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5 hurdles to Electronic Personal Assistants (EPAs) becoming mainstream

39% of Europeans use an Electronic Personal Assistant (EPA) such as Siri or Alexa, between 1-3 times a week. 

The plan is to bring this type of Artificial Intelligence (AI) into our lives to become a part of our day to day routine, but there are a few roadblocks at present. 

So, if EPAs are to become mainstream, then we must examine why so few people are regularly using it at present. 

Accessibility – Currently 85% of people think that typing is less practical than speaking into their phone. 

In theory this is great news for tech firms who can ensure that their products can be as accessible as possible. This is particularly true of users who want to multitask every waking hour of the day. 

“Hey Siri!” is the first step towards the level of accessibility needed for these devices to become truly integrated within our everyday routines.

Firms should pay attention to this, particularly functionality for users who are driving or using other applications simultaneously. 

Language limitations – Currently the actions that EPAs can conduct through voice commands are fairly rudimentary. 

In order to grow, users will need to be able to conduct fairly complex exchanges to ensure growth of the 18% of people who currently use an EPA daily.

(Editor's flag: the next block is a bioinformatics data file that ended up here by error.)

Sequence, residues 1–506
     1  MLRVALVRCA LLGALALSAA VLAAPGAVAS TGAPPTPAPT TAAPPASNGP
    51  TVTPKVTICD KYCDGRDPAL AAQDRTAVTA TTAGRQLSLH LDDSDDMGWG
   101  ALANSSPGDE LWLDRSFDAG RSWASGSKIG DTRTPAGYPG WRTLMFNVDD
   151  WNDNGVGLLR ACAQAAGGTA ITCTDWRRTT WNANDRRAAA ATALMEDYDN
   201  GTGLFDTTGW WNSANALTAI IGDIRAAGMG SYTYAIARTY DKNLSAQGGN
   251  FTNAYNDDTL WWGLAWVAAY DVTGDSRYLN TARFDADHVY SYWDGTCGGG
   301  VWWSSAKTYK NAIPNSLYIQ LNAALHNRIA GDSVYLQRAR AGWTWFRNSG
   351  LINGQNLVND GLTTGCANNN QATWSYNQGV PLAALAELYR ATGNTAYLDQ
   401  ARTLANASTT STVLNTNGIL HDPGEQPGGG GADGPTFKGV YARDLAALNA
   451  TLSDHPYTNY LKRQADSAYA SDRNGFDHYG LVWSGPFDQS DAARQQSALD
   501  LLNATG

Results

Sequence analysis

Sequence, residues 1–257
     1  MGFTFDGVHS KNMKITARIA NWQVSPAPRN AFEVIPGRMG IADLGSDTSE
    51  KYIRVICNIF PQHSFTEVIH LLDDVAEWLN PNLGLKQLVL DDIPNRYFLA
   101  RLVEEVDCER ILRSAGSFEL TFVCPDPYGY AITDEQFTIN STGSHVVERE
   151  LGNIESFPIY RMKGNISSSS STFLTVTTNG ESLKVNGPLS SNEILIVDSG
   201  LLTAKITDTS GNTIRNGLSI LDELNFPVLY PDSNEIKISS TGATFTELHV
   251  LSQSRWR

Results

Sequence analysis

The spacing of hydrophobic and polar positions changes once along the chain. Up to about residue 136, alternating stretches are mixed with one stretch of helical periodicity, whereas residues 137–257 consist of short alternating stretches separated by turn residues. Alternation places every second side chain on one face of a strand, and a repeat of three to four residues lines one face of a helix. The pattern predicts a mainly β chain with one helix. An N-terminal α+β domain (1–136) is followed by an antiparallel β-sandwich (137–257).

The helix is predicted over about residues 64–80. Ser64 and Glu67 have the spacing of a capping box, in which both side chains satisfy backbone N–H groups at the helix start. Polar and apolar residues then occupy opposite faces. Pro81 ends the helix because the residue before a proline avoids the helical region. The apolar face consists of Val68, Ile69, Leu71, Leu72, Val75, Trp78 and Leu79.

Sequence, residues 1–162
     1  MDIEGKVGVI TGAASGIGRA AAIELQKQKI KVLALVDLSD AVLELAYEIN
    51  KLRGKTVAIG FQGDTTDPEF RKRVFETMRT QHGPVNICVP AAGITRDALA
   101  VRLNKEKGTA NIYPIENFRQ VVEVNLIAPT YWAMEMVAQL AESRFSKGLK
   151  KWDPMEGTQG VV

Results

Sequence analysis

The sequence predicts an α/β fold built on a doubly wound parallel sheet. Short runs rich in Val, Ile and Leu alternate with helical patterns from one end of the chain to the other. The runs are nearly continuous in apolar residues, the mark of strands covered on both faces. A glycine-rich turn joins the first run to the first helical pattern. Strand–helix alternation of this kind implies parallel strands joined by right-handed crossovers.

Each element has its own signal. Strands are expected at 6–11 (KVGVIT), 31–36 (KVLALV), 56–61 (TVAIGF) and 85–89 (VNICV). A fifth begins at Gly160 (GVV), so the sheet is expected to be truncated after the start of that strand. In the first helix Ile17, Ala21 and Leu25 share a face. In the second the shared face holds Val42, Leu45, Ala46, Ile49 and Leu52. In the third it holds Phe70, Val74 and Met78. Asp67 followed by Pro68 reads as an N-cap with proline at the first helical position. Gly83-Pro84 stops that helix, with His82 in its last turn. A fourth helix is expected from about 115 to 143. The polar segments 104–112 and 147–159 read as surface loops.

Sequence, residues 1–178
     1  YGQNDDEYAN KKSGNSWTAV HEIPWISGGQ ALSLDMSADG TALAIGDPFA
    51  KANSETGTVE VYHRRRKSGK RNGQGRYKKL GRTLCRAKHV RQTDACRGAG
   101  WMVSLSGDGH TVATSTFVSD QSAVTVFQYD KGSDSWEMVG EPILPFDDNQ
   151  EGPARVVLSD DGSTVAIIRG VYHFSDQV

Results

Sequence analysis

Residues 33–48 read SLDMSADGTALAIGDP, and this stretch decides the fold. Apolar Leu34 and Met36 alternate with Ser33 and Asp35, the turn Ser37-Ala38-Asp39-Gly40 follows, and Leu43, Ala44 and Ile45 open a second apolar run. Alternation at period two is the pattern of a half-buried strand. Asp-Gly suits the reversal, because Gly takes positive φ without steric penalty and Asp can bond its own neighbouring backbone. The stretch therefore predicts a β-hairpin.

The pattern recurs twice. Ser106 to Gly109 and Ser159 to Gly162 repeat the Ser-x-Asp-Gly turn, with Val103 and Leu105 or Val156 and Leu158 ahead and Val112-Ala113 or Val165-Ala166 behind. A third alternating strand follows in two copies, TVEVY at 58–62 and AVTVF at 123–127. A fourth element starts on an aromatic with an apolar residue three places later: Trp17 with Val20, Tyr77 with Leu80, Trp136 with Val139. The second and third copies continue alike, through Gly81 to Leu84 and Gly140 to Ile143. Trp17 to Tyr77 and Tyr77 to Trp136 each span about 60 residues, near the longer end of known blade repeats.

Until the nuances of language, along with multiple commands can be successfully navigated by the AI, then widespread appeal will be out of reach. 

Trust – currently, only 12% of people would trust using a bot for their online banking. 

Whilst younger audiences are growing up with the tech, older audiences are less willing to accept this as part of their everyday routine. 

In 2015, 65% of all banking with Halifax was online, or via their app. The remaining 35% was largely made up of an older generation.

This demographic either won’t trust a website, or don’t have the means to regularly access the internet in order to conduct their banking online. 

Even if they do, their knowledge of online security is lacking and thus actually puts them at the risk of being defrauded on the platform. 

Whilst this generation is in decline, we can also anticipate mistrust eventually being outweighed by convenience for even the most sceptic of users. 

Privacy – If it is assumed that EPAs have access to all the personal information on your device, in order to make informed decisions for you then this must be secure. 

Users are beginning to be more relaxed with the information they pass over to their devices or service providers, as long as they believe they are getting something worthwhile in return. 

At the time of publication, Amazon had just supplied voice data to aid in a murder investigation. 

This unrestricted recording of our private conversations is unprecedented, whilst often being unknown of by the consumer. 

However, we can expect privacy concerns to come to the forefront of conversations surrounding EPAs, as users wise up whilst development continues.   

Growth of digital natives – this comes part and parcel with the above problems. 

Without a large steady pool of digital natives to be familiar with the programs and to regularly give feedback, then the technology cannot evolve rapidly. 

At present, around 3% of iPhone users have used Siri whilst out in public. We can expect this to change dramatically as it becomes a social normality. 

Read our related blog: What next for the wearables technology market?
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